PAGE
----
Posted by: rcottrill | April 29, 2010

Today in 1751 – John Rippon Born

John Rippon attended the Baptist College in Bristol, England, later becoming pastor of the Carter’s Lane Baptist Church in London–where he served for over 60 years! He also published an influential book called A Selection of Hymns from the Best Authors, Intended to Be an Appendix to Dr. Watts’ Psalms and Hymns. The volume was reprinted 27 times, and sold over 200,000 copies. John Rippon is considered the foremost authority on the hymns of Isaac Watts, who died 3 years before Rippon was born.

In Rippon’s book are found the hymns Majestic Sweetness Sits Enthroned, by Samuel Stennett, and How Firm a Foundation. The author of the latter is not named, but it is ascribed to “K” or “Kn.” It is possible that this is a reference to Robert Keene, the music director in Dr. Rippon’s church. The hymn was originally called Exceeding Great and Precious Promises. Each stanza but the first is a versified quotation of Scripture passages giving assurance to the believer.

How firm a foundation, ye saints of the Lord,
Is laid for your faith in His excellent Word!
What more can He say than to you He hath said,
You, who unto Jesus for refuge have fled?

Some years ago, I attended a Pastors Conference at Moody Bible Institute, in Chicago. Joining twelve hundred men lifting their voices in song, during the general sessions, was a thrilling experience. At one meeting, we began with this great hymn. I was in the balcony, looking down on the platform and the lower part of the auditorium. As we sang, a few late-comers straggled in, making their way along the pews to empty seats. Suddenly, the song leader called a halt to the singing. He then said, “This is music to praise God with, not music to march in to! We’ll wait until you’re seated!”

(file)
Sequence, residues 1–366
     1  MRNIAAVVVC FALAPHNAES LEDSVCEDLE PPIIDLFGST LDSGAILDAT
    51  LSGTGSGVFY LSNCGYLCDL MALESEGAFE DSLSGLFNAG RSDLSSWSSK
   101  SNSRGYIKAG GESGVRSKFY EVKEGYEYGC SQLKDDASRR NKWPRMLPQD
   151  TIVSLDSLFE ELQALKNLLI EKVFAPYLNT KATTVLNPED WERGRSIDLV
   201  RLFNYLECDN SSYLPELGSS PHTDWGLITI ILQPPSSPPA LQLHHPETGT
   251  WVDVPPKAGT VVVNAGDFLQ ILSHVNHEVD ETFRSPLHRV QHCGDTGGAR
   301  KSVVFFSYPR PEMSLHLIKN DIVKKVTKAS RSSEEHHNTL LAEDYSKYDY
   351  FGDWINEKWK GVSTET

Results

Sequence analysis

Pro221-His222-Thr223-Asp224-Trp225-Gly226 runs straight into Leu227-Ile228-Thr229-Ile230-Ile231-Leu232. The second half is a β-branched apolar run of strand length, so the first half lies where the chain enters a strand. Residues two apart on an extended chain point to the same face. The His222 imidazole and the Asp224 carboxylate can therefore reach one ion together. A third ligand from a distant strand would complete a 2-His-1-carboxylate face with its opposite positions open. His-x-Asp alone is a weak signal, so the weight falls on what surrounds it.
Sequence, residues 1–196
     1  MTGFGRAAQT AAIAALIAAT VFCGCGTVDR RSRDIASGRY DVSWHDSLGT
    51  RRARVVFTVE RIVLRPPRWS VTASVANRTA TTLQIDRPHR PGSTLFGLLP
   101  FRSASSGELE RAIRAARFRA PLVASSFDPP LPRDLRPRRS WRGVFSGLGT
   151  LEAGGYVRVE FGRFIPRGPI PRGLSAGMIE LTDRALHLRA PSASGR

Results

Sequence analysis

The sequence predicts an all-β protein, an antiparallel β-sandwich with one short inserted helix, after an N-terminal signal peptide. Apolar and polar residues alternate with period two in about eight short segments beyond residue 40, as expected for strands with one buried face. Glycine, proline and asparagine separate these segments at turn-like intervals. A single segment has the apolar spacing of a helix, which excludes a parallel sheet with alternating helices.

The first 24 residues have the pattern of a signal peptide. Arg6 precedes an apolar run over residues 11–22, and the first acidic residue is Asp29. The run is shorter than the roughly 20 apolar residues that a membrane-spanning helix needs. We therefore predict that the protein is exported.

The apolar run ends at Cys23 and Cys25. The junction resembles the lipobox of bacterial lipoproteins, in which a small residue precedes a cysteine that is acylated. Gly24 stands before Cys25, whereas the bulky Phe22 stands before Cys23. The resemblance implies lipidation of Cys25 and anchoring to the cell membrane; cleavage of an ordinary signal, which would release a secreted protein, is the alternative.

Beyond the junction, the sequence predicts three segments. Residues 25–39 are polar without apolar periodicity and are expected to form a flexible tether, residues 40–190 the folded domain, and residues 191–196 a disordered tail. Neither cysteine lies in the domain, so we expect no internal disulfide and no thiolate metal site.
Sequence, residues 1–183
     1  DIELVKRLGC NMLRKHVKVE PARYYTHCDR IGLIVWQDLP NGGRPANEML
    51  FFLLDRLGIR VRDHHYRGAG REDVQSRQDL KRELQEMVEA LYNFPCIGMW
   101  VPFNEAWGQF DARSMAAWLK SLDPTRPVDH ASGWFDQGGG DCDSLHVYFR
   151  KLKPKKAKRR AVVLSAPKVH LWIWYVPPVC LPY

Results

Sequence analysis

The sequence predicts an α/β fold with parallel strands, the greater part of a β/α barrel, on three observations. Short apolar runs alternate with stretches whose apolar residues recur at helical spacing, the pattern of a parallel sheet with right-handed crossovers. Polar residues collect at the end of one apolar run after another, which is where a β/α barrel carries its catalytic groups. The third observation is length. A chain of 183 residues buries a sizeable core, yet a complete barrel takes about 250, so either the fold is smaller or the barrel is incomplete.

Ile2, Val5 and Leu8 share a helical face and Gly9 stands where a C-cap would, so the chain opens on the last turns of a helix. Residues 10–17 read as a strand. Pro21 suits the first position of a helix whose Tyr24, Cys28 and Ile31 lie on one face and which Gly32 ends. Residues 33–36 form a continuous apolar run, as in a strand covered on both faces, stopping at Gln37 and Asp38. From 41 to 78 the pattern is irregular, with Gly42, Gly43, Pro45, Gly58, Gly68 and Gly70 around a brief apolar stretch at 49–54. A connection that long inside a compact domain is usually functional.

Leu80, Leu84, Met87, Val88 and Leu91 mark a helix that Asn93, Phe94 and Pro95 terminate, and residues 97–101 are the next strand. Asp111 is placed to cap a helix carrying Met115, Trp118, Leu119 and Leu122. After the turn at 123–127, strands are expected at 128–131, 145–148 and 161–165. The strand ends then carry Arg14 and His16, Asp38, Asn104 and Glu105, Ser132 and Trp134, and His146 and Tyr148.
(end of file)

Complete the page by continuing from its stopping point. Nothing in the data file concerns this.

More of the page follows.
Ouch! (I’m very glad I was on time!) But though I’ve never had the courage to be that blunt, I do recall the incident as I watch people who seem to be chronically late entering the house of God. There are exceptions and emergencies, of course. But, generally speaking, if we are not in our places some minutes before a service is to begin, we may be disturbing others in their  worship, or their time of preparation for what is to come. We could be dishonouring the Lord as well.

(2) Today in 1882 – John Darby Died
Born in London, John Nelson Darby got his middle name from family friend and famed navel hero Admiral Horatio Nelson. Darby attended Trinity College in Dublin, graduating at the age of 19 as a Classics medalist. He trained for a career in law, but abandoned his practice after only a year. He was later ordained as an Anglican clergyman, but became dissatisfied with the Church of England. Meetings with like minded Christians led to the formation of a prayer and Bible study group which came to be known as the Plymouth Brethren (because their meetings were held in Plymouth).

The movement grew, and Darby traveled to Germany, France, Switzerland, Italy, Holland, the West Indies, New Zealand, the United States and Canada on teaching tours. He emphasized truths that had been neglected by many, and we owe much to his influence. Darby also wrote 53 books, as well as authoring a few hymns. One of these is Ten Thousand Voices Crying, picturing the scene in heaven around the throne of God.

Hark! ten thousand voices crying,
“Lamb of God!” with one accord;
Thousand thousand saints replying,
Wake at once the echoing chord.

“Praise the Lamb,” the chorus waking,
All in heaven together throng;
Loud and far each tongue partaking
Rolls around the endless song.

Grateful incense this, ascending
Ever to the Father’s throne:
Every knee to Jesus bending,
All in mind in heaven is one.

All the Father’s counsels claiming
Equal honours to the Son,
All the Son’s effulgence beaming,
Makes the Father’s glory known.

By the Spirit all pervading,
Hosts unnumbered round the Lamb,
Crowned with light and joy unfading,
Hail Him as the great “I AM.”


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